The mechanisms by which sulfhydryl (SH-) binding reagents modulate the light-sensitive conductance of retinal rods were investigated by current recording from single rods, by patch clamp recording from the plasma membrane of the rod outer segment (ROS), and by biochemical study of their effects on the light-induced hydrolysis of cyclic GMP. The electrophysiology, as well as measurements of the reagents' ability to traverse the ROS plasma membrane, was done on amphibian (Rona and Ambystoma) rods, and the biochemistry on bovine rods. The main SH-reagents used were N-ethyl-maleimide (NEM) and iodoacetamide (IAA). Both transiently increased rod current, but part of the large current could not be turned off by light. After a few minutes' exposure, NEM, but not IAA, caused a continuous decay of the rod's light sensitivity. In patch-clamp recordings from the ROS plasma membrane, the reagents increased conductivity both in the presence and absence of cGMP, consistent with the observation that the drug-induced current increase in intact rods involved both light-sensitive and light-insensitive components. In vitro, NEM was found to be a powerful inhibitor of cGMP hydrolysis, which can explain the gradual loss of light sensitivity in the rod and could initially contribute to the increased dark current via elevated cGMP levels. Thus, SH-reagents act both by modifying the light-sensitive channel and by inhibiting phototransduction inside the rod.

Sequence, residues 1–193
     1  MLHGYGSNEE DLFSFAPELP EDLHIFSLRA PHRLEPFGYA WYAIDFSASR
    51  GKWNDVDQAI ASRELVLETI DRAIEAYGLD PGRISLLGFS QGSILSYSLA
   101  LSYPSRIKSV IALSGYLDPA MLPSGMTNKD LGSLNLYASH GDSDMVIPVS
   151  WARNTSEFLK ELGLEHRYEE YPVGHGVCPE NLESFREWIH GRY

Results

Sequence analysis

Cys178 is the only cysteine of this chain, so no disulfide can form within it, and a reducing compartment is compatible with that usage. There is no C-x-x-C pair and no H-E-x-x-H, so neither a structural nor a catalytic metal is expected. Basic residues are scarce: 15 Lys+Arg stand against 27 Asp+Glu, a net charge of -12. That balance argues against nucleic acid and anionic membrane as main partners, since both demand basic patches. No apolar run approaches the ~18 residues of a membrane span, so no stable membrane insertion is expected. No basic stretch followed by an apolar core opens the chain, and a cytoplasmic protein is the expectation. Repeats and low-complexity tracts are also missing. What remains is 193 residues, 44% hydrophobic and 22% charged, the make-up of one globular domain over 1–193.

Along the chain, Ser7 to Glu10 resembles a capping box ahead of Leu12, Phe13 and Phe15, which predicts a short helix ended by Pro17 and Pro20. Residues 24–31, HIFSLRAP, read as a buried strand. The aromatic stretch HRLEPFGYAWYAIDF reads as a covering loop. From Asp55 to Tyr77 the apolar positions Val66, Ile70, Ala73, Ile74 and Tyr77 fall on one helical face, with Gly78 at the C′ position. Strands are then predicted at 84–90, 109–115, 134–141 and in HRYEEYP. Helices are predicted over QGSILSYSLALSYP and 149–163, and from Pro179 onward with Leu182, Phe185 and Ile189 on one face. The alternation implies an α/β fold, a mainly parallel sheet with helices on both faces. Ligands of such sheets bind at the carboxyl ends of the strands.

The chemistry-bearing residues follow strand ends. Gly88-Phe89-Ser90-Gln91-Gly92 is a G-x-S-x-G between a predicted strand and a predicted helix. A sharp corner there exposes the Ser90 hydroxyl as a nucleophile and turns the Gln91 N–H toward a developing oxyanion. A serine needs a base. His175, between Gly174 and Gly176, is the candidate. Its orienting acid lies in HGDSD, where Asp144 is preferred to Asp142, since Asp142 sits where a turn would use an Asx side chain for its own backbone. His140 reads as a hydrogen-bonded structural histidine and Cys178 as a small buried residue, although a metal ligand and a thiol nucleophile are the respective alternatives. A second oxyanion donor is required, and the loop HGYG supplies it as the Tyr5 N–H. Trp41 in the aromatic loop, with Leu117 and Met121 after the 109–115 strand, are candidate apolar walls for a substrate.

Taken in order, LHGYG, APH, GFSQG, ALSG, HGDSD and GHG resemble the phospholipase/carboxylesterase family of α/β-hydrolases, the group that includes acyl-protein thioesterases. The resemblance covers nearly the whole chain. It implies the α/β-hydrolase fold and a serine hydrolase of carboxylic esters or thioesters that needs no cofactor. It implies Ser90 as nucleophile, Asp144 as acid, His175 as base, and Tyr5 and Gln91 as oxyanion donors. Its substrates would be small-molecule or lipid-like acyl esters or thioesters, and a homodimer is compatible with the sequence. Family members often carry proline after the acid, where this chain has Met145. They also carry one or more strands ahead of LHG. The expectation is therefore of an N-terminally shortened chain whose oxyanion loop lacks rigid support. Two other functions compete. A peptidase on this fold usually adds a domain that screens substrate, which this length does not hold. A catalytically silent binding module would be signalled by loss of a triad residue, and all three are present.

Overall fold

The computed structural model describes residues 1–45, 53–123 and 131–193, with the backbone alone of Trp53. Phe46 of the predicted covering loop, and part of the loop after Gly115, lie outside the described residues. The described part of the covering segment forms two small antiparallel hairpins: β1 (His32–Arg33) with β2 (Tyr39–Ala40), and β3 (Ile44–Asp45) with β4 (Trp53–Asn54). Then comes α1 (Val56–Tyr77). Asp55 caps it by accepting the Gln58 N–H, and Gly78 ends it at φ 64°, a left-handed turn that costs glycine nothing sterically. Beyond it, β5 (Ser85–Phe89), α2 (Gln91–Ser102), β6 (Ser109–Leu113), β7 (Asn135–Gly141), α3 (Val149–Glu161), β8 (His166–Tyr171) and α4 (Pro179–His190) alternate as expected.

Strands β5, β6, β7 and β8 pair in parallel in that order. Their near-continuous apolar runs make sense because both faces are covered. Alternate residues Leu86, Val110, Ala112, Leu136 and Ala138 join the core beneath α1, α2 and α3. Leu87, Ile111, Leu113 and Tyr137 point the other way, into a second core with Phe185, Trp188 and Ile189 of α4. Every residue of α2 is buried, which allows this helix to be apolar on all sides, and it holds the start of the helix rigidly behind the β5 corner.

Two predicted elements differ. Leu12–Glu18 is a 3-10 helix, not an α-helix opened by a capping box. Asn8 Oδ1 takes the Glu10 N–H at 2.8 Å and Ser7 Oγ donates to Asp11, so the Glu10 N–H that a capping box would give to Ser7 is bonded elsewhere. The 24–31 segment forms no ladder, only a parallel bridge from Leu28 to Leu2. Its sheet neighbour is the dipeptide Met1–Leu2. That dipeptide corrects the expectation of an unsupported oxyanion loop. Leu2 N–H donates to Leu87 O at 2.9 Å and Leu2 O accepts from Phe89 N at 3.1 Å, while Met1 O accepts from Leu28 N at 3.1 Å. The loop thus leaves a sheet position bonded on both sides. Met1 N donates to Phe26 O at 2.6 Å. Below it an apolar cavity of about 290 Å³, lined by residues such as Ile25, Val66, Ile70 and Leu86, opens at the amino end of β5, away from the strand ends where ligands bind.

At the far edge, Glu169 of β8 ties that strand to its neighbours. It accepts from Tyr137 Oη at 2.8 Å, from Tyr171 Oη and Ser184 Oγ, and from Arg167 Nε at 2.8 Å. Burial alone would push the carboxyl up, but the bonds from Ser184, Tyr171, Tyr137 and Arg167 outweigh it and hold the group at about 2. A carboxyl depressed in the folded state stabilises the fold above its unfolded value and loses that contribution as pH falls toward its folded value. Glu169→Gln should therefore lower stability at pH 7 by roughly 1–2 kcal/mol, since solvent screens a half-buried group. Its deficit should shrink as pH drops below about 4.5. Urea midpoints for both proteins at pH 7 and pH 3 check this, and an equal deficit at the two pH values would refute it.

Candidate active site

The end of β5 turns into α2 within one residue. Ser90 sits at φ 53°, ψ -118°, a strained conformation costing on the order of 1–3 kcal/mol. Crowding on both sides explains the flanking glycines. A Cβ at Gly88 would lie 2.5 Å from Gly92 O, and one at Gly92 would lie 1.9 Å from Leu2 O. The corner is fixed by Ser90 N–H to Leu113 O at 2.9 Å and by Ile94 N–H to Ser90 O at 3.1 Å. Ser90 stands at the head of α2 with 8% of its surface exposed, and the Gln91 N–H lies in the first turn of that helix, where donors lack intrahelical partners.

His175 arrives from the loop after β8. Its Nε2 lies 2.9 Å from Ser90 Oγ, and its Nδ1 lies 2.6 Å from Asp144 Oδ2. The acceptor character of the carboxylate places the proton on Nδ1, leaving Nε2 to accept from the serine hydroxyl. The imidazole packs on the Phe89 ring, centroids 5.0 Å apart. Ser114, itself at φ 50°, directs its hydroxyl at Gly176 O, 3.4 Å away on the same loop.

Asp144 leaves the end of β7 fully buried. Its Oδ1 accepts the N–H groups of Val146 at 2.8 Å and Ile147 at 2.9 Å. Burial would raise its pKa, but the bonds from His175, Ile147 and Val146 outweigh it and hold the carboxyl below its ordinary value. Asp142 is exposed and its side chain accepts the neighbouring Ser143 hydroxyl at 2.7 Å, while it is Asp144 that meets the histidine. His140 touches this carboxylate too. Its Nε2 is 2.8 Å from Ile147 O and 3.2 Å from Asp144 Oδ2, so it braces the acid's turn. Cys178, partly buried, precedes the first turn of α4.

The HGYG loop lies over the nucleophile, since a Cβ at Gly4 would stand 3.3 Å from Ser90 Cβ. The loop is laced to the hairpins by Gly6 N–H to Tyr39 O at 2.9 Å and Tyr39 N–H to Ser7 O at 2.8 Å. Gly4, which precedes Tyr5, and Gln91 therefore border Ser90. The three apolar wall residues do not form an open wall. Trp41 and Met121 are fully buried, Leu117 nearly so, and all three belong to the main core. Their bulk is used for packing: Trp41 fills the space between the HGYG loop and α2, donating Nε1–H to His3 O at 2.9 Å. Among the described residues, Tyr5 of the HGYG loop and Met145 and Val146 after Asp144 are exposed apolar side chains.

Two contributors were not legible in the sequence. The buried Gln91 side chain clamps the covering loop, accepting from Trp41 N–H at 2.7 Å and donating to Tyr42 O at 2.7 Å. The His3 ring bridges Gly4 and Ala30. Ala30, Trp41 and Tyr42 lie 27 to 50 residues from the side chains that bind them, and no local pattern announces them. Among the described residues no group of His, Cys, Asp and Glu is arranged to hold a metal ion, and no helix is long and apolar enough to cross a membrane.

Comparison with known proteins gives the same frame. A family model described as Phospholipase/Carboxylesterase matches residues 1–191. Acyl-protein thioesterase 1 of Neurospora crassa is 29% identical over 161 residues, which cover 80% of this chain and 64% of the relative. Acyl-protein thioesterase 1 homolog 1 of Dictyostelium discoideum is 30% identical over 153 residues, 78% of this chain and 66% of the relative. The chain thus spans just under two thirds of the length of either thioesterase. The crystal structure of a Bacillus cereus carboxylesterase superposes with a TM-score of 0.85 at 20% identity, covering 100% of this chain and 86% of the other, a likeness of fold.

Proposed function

- cyclic GMP
- patch clamp